This would be a less-than-ideal outcome in the context of today’s top cyber threat for most organizations: Ransomware. With few exceptions, the U.S. government has watched helplessly as organized cybercrime gangs — many of whose members hail from Russia or from former Soviet nations that are friendly to Moscow — have extorted billions of dollars from victims, and disrupted or ruined countless businesses.

To help shift the playing field against ransomware actors, the Justice Department and other federal law enforcement agencies have been trying to encourage more ransomware victims to come forward and share sensitive details about their attacks. The U.S. government has even offered up to $10 million for information leading to the arrest and conviction of cybercriminals involved in ransomware.

But given the way the government has essentially shot the all of the messengers with its handling of the Sussmann case, who could blame those with useful and valid tips if they opted to stay silent?

Does Your Organization Have a Security.txt File?

It happens all the time: Organizations get hacked because there isn’t an obvious way for security researchers to let them know about security vulnerabilities or data leaks. Or maybe it isn’t entirely clear who should get the report when remote access to an organization’s internal network is being sold in the cybercrime underground.

In a bid to minimize these scenarios, a growing number of major companies are adopting “Security.txt,” a proposed new Internet standard that helps organizations describe their vulnerability disclosure practices and preferences.

An example of a security.txt file. Image: Securitytxt.org.

The idea behind Security.txt is straightforward: The organization places a file called security.txt in a predictable place — such as example.com/security.txt, or example.com/.well-known/security.txt. What’s in the security.txt file varies somewhat, but most include links to information about the entity’s vulnerability disclosure policies and a contact email address.

The security.txt file made available by USAA, for example, includes links to its bug bounty program; an email address for disclosing security related matters; its public encryption key and vulnerability disclosure policy; and even a link to a page where USAA thanks researchers who have reported important cybersecurity issues.

Other security.txt disclosures are less verbose, as in the case of HCA Healthcare, which lists a contact email address, and a link to HCA’s “responsible disclosure” policies. Like USAA and many other organizations that have published security.txt files, HCA Healthcare also includes a link to information about IT security job openings at the company.

Having a security.txt file can make it easier for organizations to respond to active security threats. For example, just this morning a trusted source forwarded me the VPN credentials for a major clothing retailer that were stolen by malware and made available to cybercriminals. Finding no security.txt file at the retailer’s site using gotsecuritytxt.com (which checks a domain for the presence of this contact file), KrebsonSecurity sent an alert to its “security@” email address for the retailer’s domain.

Many organizations have long unofficially used (if not advertised) the email address security@[companydomain] to accept reports about security incidents or vulnerabilities. Perhaps this particular retailer also did so at one point, however my message was returned with a note saying the email had been blocked. KrebsOnSecurity also sent a message to the retailer’s chief information officer (CIO) — the only person in a C-level position at the retailer who was in my immediate LinkedIn network. I still have no idea if anyone has read it.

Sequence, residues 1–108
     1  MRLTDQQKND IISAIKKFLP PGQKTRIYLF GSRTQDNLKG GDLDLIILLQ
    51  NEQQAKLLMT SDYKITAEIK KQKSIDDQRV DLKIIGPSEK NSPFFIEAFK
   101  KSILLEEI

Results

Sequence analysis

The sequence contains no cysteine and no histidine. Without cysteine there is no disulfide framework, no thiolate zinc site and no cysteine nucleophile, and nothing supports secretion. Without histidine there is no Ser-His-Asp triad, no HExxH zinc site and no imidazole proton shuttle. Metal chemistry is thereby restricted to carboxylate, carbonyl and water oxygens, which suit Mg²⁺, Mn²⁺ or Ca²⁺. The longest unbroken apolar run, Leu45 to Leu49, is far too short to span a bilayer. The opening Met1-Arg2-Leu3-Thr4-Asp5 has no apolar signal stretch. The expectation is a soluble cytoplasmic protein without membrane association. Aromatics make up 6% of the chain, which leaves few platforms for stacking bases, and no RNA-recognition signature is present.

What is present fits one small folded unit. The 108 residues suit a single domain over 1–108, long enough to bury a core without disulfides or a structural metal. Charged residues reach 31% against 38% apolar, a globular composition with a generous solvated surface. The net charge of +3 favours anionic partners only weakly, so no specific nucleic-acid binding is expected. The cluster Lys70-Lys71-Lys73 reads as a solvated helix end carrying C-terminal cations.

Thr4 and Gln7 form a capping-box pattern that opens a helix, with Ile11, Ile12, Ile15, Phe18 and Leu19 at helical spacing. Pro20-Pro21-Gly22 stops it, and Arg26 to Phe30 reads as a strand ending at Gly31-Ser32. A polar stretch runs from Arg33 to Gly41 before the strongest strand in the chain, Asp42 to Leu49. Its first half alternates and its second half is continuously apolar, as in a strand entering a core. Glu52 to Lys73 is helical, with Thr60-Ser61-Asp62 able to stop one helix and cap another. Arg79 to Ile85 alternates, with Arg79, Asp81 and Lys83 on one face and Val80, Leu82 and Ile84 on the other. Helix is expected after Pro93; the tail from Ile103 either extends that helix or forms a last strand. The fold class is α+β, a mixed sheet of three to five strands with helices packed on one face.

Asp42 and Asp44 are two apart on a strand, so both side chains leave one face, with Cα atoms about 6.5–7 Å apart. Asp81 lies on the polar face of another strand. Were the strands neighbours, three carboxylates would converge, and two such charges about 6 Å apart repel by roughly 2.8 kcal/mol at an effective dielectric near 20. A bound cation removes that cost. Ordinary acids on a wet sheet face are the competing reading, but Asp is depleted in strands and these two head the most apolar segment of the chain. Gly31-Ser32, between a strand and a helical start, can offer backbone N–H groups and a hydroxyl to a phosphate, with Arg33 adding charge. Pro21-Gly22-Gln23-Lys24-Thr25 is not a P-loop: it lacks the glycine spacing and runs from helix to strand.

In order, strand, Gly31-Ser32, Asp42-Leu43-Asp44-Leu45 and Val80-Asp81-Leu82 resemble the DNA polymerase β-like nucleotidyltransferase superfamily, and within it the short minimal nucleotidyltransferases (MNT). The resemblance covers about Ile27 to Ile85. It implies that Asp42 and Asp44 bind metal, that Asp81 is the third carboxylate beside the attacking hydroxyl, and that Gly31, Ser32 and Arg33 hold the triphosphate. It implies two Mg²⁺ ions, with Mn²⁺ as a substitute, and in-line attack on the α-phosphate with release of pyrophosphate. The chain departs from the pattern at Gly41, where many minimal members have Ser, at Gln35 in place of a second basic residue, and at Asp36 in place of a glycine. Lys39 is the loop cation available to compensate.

Although security.txt is not yet an official Internet standard as approved by the Internet Engineering Task Force (IETF), its basic principles have so far been adopted by at least eight percent of the Fortune 100 companies. According to a review of the domain names for the latest Fortune 100 firms via gotsecuritytxt.com, those include Alphabet, Amazon, Facebook, HCA Healthcare, Kroger, Procter & Gamble, USAA and Walmart.

There may be another good reason for consolidating security contact and vulnerability reporting information in one, predictable place. Alex Holden, founder of the Milwaukee-based consulting firm Hold Security, said it’s not uncommon for malicious hackers to experience problems getting the attention of the proper people within the very same organization they have just hacked.

“In cases of ransom, the bad guys try to contact the company with their demands,” Holden said. “You have no idea how often their messages get caught in filters, get deleted, blocked or ignored.”

GET READY TO BE DELUGED

So if security.txt is so great, why haven’t more organizations adopted it yet? It seems that setting up a security.txt file tends to invite a rather high volume of spam. Most of these junk emails come from self-appointed penetration testers who — without any invitation to do so — run automated vulnerability discovery tools and then submit the resulting reports in hopes of securing a consulting engagement or a bug bounty fee.

This dynamic was a major topic of discussion in these Hacker News threads on security.txt, wherein a number of readers related their experience of being so flooded with low-quality vulnerability scan reports that it became difficult to spot the reports truly worth pursuing further.

Edwin “EdOverflow” Foudil, the co-author of the proposed notification standard, acknowledged that junk reports are a major downside for organizations that offer up a security.txt file.

“This is actually stated in the specification itself, and it’s incredibly important to highlight that organizations that implement this are going to get flooded,” Foudil told KrebsOnSecurity. “One reason bug bounty programs succeed is that they are basically a glorified spam filter. But regardless of what approach you use, you’re going to get inundated with these crappy, sub-par reports.”